Figure 7
figure 7

Relative cell viabilities of blank micelles (A), and DOX-loaded micelles and free DOX · HCl (B) toward RenCa cells. The data were shown as mean ± SD (n = 4; *p < 0.001).

Evaluations of serum albumin-tolerance stability and hemocompatibility

The evaluations of serum albumin-tolerance stability and hemocompatibility are critical for the DOX-loaded micelles to be applied in clinic because these corresponding formulations are designed to be administrated intravenously [30]. In this study, the stability of these laden micelles was tested by DLS in the PBS-buffered BSA solution at a concentration of 30.0 mg mL−1, 25°C. As shown in Figure 8, all the loading micelles exhibited excellent stability among the measurement of 72 h, which were around 115, 105, and 90 nm, respectively. Moreover, the D hs of these laden micelles in PBS with BSA were similar with the above results in PBS without BSA (Figure 3). The results indicated that the DOX-loaded micelles could keep excellent stability in BSA solution.

Figure 8
figure 8

D h changes of PDM/DOX, PLM/DOX, and SCM/DOX versus time in PBS-buffered BSA solution (30.0 mg mL−1) at pH 7.4, 25°C. Each datum was represented as mean ± SD (n = 3).

Moreover, as shown in Figure 9, all these laden micelles exhibited no obvious hemolytic activities with the DOX · HCl concentrations up to 1,000 μg mL−1. In contrast, free DOX · HCl exhibited more serious hemolytic performance at the concentration over 2.5 mg mL−1, which adequately exceeded the final anticipated concentration of drug administrated by intravenous injection in vivo [30]. It indicated that the DOX-loaded micelles had satisfactory blood compatibility, which was suitable for the clinical application.

Figure 9
figure 9

Hemolytic behaviors of PDM/DOX (A), PLM/DOX (B), SCM/DOX (C), and free DOX · HCl (D).


In this work, the DOX-loaded micelles, i.e., PDM/DOX, PLM/DOX, and SCM/DOX, were successfully designed and prepared from nonlinear enantiomeric PEG-PLA copolymers. The diameters of the loading micelles were approximately 100 nm, which were suitable for the selective accumulation in neoplasm tissue through the EPR effect. Compared to PDM/DOX and PLM/DOX, SCM/DOX exhibited smaller diameter, slower DOX release in vitro, and more effective internalization by RenCa cells. Furthermore, SCM/DOX achieved more effective intracellular release of DOX and showed the enhanced cellular proliferation inhibition toward RenCa cells than PDM/DOX, PLM/DOX, and free DOX · HCl. Moreover, all the laden micelles held excellent serum albumin-tolerance stability and exhibited satisfactory hemocompatibility compared to free DOX · HCl. With more effective intracellular DOX release, improved antineoplastic activity, and good biocompatibility, the micelles, especially SCM, might become an effective drug delivery platform of antineoplastic drug for the clinical chemotherapy.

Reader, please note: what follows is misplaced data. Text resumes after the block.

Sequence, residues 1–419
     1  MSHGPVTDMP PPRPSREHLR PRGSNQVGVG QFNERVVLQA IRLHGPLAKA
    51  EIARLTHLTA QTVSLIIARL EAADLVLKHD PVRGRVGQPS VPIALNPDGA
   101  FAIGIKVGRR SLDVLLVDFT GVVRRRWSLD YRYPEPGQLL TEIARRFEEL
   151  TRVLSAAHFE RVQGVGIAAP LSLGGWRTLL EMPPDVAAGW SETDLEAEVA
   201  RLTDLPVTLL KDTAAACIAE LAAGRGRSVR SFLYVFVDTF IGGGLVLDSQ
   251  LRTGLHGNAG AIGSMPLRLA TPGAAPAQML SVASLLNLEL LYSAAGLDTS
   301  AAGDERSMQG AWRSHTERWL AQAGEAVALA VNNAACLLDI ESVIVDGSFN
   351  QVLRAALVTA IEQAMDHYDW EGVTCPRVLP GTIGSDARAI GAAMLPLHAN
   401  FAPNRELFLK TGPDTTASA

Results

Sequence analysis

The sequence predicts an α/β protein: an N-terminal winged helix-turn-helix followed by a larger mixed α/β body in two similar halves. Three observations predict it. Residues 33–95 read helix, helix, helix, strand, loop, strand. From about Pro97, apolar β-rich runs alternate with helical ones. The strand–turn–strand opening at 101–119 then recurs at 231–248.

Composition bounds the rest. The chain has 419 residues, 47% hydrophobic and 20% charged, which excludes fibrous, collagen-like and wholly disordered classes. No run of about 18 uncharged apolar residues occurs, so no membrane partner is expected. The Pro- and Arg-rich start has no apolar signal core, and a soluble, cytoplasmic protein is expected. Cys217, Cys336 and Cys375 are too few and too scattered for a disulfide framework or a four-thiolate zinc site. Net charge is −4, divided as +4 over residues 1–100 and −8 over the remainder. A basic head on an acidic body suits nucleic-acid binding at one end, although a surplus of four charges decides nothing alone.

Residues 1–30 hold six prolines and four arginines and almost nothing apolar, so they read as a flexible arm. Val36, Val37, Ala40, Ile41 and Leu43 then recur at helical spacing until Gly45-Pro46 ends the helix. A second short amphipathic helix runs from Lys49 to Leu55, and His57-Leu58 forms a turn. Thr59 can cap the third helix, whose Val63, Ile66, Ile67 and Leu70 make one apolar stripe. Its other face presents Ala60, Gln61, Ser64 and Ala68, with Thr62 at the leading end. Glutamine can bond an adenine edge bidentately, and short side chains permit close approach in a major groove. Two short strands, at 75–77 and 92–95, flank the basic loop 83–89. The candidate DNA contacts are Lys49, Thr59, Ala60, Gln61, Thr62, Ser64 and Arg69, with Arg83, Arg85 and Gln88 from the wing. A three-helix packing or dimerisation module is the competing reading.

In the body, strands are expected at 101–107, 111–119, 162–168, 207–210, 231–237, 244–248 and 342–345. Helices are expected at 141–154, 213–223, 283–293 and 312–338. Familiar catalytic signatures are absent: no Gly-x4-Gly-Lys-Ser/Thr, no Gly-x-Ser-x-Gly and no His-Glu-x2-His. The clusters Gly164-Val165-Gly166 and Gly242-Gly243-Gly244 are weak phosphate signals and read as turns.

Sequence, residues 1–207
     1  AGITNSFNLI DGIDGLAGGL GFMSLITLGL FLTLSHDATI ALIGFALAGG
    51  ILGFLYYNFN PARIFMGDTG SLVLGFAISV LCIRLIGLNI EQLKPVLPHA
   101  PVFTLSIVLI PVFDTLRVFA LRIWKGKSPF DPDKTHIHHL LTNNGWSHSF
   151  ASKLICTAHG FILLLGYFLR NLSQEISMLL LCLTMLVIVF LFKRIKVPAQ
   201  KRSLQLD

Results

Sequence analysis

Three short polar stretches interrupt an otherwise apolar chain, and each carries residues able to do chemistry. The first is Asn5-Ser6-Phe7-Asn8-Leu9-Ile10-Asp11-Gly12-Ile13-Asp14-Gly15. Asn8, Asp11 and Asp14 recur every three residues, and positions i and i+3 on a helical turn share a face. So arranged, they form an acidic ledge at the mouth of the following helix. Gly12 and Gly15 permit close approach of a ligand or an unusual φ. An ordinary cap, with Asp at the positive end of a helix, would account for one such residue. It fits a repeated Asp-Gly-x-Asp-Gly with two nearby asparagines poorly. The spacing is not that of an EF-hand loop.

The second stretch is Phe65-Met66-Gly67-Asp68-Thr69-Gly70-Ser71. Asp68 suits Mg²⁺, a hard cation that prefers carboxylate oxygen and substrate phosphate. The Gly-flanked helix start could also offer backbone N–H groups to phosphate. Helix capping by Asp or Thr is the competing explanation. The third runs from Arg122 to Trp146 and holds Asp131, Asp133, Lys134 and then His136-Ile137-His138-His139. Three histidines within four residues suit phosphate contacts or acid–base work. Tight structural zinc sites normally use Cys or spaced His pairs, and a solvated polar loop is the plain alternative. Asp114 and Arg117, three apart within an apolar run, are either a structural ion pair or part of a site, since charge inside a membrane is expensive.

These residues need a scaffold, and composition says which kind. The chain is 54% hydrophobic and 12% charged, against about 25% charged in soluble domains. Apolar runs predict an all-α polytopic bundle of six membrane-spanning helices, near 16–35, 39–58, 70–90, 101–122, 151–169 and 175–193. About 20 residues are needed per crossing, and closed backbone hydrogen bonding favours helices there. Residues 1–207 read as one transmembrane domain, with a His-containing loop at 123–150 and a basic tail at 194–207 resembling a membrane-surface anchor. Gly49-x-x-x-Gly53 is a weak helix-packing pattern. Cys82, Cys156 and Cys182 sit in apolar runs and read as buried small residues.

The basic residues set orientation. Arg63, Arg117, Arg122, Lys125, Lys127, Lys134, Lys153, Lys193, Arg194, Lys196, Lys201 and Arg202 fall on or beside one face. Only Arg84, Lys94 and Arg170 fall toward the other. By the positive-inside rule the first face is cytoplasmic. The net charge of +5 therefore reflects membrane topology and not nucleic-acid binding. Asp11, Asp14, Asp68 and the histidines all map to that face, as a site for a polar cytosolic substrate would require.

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This study was financially supported by the National Natural Science Foundation of China (Nos. 51303174, 51321062, 51233004, 51390480, 51390484, 51273196, and 51203153) and the Scientific Development Program of Jilin Province (No. 20140520050JH).

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Correspondence to Tongjun Liu or Chunxi Wang.

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The authors declare that they have no competing interests.

Authors’ contributions

JW performed the experiments, analyzed the data, and wrote the manuscript. KS, WX, and XW revised the experimental proposal and assisted in biological characterization. JD, TL, and CW designed the proposal, supervised the project, and revised the manuscript. JD synthesized and characterized the polymers, and participated in the assay of morphology. XC provided the insightful comments on the mechanism of stereocomplexation and revised the manuscript. All authors read and approved the final manuscript.

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Wang, J., Shen, K., Xu, W. et al. Stereocomplex micelle from nonlinear enantiomeric copolymers efficiently transports antineoplastic drug. Nanoscale Res Lett 10, 206 (2015).

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  • Antineoplastic drug
  • Controlled delivery
  • Enantiomeric copolymers
  • Malignancy therapeutic
  • Stereocomplex micelle